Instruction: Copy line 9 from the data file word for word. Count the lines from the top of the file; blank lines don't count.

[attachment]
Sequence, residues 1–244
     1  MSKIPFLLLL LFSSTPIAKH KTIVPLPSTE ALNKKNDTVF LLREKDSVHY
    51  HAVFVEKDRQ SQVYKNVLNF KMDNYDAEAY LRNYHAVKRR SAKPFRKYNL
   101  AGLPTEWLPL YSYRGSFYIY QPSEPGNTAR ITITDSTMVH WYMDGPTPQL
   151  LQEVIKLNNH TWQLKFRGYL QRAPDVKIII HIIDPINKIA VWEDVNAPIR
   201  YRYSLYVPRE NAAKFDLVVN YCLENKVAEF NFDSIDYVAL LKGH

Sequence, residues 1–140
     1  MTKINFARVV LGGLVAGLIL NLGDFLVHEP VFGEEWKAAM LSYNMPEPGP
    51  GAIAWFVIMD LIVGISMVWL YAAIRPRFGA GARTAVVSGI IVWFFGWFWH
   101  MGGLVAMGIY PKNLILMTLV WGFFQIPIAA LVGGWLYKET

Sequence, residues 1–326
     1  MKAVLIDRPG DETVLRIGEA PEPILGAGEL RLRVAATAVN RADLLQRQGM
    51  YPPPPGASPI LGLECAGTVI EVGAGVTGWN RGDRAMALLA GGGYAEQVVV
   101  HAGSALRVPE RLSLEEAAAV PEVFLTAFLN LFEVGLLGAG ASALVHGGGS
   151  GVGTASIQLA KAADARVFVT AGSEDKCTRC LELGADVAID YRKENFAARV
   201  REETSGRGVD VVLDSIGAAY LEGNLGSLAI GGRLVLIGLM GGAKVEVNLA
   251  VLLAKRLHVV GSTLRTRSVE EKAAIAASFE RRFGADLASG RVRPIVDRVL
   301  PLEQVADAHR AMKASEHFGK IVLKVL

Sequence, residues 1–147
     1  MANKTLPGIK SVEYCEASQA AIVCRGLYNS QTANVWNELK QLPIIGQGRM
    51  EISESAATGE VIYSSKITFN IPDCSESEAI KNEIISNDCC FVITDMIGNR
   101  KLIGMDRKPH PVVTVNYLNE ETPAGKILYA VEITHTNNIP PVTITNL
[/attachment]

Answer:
    51  GAIAWFVIMD LIVGISMVWL YAAIRPRFGA GARTAVVSGI IVWFFGWFWH